Dog camping supplies
Man’s best friend
Camping is an excellent chance to get away from the normal day to day grind of computers and working. When you plan your next camping trip plan on taking your dog. Most camping sites allow dogs on leashes and almost all hiking trails allow pets. When I go camping I make sure I have prepared everything for my family (including our little shitzu Kola). Having an emergency and not being prepared is one way to really tarnish a vacation getaway. In order to make sure my dog and family have a good memorable time I make sure I have the following list items when we go camping.
Dog camping supplies list
- Poop bags – Left over plastic shopping bags work the best. Most hiking trails and campsites are dog friendly. Just be polite and pick up your dog’s poop.
- Dog food – Pack your normal dog food in a bag. Your dog will eat this plus any leftovers from your camp cooking.
- Backpack for dogs – There are several type of backpacks you can put on your dog when you go hiking. Some of the dog backpacks have lots of extra pockets and room, ranging from sizes from small to extra large depending on your dog’s size. Having your dog carry its own food and water helps lessen everything you need to carry when hiking.
- Long leash – A longer leash is used when you are at your campsite to give your dog a larger radius of free roaming. These longer leashes can be something as simple as a rope cut to a desired length and tied to a bench or tree.
- Walking leash – You will want a shorter leash for going on hikes or walks. All dogs love hiking and are great at it. You will just need to keep them under control because they will want to run everywhere and mark their territory with every chance they get.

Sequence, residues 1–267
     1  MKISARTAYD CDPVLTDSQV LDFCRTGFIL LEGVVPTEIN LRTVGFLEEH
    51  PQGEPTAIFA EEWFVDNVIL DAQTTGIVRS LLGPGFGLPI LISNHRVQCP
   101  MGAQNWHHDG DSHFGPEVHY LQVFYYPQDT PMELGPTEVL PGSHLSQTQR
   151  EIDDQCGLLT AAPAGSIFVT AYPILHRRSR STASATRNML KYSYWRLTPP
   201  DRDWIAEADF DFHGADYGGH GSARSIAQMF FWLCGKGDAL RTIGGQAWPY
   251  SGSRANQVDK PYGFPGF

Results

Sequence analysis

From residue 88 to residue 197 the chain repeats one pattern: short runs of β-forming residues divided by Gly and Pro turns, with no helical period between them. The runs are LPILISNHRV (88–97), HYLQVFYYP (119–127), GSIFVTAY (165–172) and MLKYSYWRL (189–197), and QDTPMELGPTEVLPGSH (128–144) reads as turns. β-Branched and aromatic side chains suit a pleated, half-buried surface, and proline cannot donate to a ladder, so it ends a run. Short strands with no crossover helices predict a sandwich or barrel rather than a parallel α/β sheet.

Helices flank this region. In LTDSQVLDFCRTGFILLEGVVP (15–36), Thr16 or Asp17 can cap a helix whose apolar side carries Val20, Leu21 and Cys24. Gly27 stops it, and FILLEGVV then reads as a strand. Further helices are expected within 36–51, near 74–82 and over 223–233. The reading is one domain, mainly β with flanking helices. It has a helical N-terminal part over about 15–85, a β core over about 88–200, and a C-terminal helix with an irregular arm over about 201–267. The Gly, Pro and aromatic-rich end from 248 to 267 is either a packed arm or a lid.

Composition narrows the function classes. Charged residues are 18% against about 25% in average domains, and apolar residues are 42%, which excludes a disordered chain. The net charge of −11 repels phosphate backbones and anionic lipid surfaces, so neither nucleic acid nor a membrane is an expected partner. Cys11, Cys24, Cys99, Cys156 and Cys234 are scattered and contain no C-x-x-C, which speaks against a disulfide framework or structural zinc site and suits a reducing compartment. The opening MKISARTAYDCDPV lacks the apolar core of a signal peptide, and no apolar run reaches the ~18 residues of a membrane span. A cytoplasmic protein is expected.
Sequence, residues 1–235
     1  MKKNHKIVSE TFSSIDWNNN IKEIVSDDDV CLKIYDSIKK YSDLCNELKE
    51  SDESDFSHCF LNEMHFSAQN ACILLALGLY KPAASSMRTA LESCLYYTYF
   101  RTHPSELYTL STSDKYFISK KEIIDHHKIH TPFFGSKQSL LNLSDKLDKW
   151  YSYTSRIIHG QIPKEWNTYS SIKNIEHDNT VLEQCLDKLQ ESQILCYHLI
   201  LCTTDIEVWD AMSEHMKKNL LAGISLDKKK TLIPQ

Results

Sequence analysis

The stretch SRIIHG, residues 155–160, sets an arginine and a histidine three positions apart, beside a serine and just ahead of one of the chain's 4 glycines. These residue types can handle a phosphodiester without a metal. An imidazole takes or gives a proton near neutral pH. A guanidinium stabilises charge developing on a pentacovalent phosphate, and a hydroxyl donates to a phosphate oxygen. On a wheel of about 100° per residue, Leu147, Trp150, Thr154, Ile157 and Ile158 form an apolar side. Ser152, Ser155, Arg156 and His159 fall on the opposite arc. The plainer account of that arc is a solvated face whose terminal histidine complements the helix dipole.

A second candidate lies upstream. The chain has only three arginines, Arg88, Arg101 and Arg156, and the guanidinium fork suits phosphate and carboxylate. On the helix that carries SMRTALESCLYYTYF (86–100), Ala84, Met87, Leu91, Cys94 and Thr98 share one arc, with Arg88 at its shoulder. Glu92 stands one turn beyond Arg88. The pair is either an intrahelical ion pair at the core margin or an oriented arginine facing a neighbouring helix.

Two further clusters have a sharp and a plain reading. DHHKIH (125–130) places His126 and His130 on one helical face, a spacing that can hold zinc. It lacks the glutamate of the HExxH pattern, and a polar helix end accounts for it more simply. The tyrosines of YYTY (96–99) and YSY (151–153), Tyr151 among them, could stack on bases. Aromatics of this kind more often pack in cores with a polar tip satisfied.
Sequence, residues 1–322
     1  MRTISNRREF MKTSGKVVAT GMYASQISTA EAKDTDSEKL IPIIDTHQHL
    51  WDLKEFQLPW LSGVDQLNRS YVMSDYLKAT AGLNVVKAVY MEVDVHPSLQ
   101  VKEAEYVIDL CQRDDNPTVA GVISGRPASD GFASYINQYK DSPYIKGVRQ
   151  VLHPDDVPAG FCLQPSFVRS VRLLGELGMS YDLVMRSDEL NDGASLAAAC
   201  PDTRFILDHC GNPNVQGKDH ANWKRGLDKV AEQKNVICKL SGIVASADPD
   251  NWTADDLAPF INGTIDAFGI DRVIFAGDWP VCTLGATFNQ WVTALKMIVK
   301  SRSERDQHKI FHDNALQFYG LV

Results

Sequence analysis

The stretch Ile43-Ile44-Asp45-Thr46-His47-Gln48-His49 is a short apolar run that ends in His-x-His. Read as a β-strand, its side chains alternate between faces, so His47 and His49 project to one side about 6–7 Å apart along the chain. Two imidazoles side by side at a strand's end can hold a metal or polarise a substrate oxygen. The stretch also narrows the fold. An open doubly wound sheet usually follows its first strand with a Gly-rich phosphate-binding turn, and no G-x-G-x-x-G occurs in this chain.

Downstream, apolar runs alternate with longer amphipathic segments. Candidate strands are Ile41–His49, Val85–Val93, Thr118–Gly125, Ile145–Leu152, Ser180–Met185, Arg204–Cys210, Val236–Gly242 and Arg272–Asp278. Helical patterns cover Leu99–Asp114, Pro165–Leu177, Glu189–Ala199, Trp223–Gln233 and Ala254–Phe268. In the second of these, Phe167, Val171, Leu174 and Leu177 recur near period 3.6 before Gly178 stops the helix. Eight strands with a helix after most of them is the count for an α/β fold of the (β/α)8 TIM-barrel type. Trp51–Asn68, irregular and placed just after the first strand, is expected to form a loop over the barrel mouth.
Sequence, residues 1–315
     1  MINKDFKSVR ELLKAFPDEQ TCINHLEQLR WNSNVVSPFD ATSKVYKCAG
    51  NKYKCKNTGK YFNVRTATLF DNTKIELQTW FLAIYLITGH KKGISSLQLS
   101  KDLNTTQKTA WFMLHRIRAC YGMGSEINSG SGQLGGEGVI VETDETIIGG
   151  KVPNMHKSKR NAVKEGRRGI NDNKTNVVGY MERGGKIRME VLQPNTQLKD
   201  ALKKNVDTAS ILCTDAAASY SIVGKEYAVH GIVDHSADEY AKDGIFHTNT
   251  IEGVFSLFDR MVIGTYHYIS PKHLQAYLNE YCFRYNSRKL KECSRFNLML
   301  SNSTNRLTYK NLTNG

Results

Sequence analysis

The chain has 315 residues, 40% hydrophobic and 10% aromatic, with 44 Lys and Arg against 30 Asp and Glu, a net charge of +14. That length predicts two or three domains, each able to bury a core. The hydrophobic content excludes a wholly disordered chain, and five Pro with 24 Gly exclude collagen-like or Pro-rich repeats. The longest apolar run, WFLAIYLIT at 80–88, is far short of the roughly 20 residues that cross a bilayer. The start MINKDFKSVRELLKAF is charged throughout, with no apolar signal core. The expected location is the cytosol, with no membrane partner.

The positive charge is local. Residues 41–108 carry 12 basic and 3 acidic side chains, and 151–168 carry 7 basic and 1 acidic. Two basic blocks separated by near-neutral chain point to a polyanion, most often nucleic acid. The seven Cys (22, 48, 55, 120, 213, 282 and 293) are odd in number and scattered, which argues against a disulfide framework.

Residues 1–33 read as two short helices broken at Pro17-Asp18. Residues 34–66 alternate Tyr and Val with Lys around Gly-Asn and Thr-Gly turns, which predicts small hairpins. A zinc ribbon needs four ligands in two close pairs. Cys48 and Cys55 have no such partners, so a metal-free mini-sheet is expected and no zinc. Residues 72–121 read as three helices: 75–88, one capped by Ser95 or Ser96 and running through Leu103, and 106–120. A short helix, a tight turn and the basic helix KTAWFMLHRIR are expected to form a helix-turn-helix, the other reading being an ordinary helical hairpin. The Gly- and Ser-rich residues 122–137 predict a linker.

- Feeding bowl(s) – One bowl can be sufficient for your dog’s food and water (just not at the same time). One item that my wife and I love for our dog is a portable bowl set that goes flat and stores easily when we aren’t using it.
- First Aid for Dogs – We have first aid kits for our families – dogs just need a few extra items.
- Tick Medication – Ticks are very easy to contract in tall grasses.
- Flee medication – Being around other pets your dog can easily contract flees.
- Deworming pills – Dogs can pick up worms in public areas very easily. If another animal in the area has had worms and your dog decides to roll through it’s feces there is a chance your dog will contract worms.
- Dog probiotics – For diarrhea or dog allergies. Ultimately helps digestive problems.
- Old towel – Often times if you take your pet out hiking or walking it will get very dirty. When you are done camping and on your way home it will be nice to have an old towel or blanket for your dog to sit on, thus preventing the dog’s dirt from getting everywhere. Also if you go hiking anywhere with water you will need something to help keep your dog dry and stop it from spreading mud and filth to everything else.
- Dog snacks – You are out to have a good time, why not your dog? Any small snacks or chew bones are an added bonus for man’s best friend.
- Clothes – Sometimes in the high mountains the temperature gets cold fast at night. My dog doesn’t have a lot of insulation on him and we take a few extra dog clothes for him to help keep him warm.